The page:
Social Responsibility and the Occupy Wall Street Movement

Published: 2019-09-20 23:27:18
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The recent financial recession that had hit the world increased peoples awareness and the community as a whole in monitoring the controls and models adopted by financial institutions. A need for corporate social responsibility structures have therefore, become important as companies are looking to lure more customers and the government into their institutions. There was a huge outpour of blame directed mainly at the financial institutions after the recession with a large number of people losing their jobs in the process. Bank of America is one of the financial institutions that are affected by the obligation towards corporate responsibility in the U.S. as well as globally. The bank serves more than 35 countries and as such has to invest in CSR models that are aimed at developing not only the U.S. but these countries as well. The main problem however, is fulfilling their CSR obligations with their financial obligations to the shareholders. Companies have to look for ways that are meant to create a working framework that meets the two obligations satisfactorily. On the other hand, Occupy Wall Street Movement was formed to protest the level of control that was given to the large financial institutions in the U.S. Although most believe that the issues that were raised were anti-capitalist there is are avenues where these measures are seen as models that are aimed at ensuring that the companies observe corporate social responsibility in the society accordingly. This paper aims at debunking some of these issues and highlighting the importance of the models that have been adopted in these companies as well as the role played by OCWM in shaping the politics and controls directed at financial institutions in the country.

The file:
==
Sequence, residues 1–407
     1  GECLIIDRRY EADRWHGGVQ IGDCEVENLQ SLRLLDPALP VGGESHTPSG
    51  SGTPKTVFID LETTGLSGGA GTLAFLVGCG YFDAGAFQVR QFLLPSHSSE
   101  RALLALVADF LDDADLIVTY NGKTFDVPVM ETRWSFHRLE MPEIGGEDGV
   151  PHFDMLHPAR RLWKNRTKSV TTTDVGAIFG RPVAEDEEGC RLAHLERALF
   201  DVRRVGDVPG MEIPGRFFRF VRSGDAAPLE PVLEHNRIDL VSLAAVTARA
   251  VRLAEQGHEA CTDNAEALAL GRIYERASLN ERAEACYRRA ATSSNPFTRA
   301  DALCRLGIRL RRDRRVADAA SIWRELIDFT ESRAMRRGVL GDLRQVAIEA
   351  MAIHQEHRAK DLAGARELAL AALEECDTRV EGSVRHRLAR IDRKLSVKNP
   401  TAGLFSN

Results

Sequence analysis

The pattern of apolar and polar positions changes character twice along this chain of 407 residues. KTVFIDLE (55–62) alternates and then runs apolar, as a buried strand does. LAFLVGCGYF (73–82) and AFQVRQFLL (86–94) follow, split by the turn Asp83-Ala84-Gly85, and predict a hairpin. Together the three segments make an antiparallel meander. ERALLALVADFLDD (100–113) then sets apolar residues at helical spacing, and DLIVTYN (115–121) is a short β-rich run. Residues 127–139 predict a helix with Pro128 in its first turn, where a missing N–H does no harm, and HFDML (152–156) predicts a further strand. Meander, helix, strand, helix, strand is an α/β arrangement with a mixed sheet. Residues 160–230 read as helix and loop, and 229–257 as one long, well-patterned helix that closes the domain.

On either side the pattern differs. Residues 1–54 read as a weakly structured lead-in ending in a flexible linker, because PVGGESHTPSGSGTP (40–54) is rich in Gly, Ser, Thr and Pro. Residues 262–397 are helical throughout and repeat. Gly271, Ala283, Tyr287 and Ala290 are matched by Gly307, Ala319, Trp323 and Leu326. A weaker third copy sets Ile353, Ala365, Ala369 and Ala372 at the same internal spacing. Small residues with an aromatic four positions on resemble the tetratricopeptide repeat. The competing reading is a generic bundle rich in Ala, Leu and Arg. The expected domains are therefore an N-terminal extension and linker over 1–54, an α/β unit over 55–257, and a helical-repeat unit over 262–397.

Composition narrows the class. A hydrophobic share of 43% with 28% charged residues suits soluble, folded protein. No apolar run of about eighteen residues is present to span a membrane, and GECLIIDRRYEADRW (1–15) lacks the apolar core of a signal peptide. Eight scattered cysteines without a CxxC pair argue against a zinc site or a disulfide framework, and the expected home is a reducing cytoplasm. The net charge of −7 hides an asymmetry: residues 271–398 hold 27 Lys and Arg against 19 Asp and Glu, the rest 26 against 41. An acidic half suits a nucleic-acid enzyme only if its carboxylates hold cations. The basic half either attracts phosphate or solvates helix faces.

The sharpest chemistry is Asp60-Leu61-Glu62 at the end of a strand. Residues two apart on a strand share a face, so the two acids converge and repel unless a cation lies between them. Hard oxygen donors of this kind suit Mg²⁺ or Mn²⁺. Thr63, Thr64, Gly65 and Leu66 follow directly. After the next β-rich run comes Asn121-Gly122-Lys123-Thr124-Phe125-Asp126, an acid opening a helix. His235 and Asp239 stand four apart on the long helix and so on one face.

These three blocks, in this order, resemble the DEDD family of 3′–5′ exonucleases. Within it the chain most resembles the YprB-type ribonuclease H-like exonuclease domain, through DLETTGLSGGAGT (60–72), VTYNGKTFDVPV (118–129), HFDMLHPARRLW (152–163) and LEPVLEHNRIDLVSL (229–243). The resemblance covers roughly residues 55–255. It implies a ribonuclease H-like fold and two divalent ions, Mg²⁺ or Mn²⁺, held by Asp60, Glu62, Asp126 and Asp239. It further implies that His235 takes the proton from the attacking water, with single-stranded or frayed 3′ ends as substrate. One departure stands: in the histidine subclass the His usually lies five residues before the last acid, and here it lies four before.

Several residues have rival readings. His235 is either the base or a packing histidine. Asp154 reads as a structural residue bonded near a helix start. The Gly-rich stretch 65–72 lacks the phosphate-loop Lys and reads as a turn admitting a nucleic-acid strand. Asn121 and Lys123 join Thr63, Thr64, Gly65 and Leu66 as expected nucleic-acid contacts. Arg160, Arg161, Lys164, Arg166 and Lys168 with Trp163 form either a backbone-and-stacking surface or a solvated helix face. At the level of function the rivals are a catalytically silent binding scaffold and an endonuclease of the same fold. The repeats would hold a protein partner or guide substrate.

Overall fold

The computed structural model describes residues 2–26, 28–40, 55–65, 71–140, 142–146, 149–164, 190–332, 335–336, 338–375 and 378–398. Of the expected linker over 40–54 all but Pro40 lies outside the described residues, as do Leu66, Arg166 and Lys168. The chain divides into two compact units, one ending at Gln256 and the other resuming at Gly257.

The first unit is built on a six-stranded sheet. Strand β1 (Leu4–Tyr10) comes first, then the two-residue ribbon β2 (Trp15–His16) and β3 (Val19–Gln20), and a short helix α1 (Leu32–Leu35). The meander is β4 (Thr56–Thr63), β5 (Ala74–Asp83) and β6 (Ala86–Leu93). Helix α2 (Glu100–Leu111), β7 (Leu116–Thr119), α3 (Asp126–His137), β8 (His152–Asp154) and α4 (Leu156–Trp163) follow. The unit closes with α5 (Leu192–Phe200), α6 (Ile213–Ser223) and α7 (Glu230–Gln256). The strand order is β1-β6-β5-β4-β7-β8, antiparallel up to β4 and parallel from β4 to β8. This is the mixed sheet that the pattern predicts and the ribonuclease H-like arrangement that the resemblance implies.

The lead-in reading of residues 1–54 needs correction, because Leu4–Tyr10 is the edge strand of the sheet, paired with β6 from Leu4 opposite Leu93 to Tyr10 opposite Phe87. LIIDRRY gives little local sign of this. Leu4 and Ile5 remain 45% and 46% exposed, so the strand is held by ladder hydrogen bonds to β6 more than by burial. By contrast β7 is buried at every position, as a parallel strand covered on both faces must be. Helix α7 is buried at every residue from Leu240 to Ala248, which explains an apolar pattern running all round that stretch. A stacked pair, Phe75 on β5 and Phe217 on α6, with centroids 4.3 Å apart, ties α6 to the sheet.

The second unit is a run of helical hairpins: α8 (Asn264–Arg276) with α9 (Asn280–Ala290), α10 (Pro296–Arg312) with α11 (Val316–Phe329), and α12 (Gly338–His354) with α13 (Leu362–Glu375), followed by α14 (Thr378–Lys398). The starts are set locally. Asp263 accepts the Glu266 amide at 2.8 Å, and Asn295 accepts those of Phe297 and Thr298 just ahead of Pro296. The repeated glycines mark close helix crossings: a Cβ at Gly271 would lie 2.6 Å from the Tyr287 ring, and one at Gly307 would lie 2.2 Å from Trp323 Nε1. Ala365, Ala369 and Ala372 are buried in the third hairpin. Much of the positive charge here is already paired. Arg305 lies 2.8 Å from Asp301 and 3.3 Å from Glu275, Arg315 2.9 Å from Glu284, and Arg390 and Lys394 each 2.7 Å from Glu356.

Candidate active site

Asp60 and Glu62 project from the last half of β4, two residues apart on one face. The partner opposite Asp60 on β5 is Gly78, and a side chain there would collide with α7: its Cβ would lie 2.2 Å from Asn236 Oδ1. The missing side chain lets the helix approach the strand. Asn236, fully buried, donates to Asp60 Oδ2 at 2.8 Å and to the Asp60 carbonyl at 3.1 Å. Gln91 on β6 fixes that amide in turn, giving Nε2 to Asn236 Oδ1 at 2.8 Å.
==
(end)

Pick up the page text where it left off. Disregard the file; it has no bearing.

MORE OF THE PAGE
Conflict between Social and Financial Responsibility

CSR aims at ensuring that there is responsible business practice that is orchestrated by companies in a specific industry. Depending on the models that are adopted, the companies need to ensure that they give the customers the proper form of service or product in the market. In the financial markets, companies have a responsibility to advice their customers on the best products that are meant to increase their satisfaction and serve them better. There are differences in terms of the loans and products that are issued by banks to customers therefore a socially responsible company gives the customers the best. This however, means that these companies have to forego the high levels of profits that may be enjoyed by companies that do not give their customers the same level of care in the market (Cochran, 2007). This reflects on the amount of profits that in turn affects the shares in the company. However, these models are representative of the important and pertinent structures that companies especially in the financial sector ought to meet t ensure that the services given to the customers are of the highest standards and help not only themselves but the customers.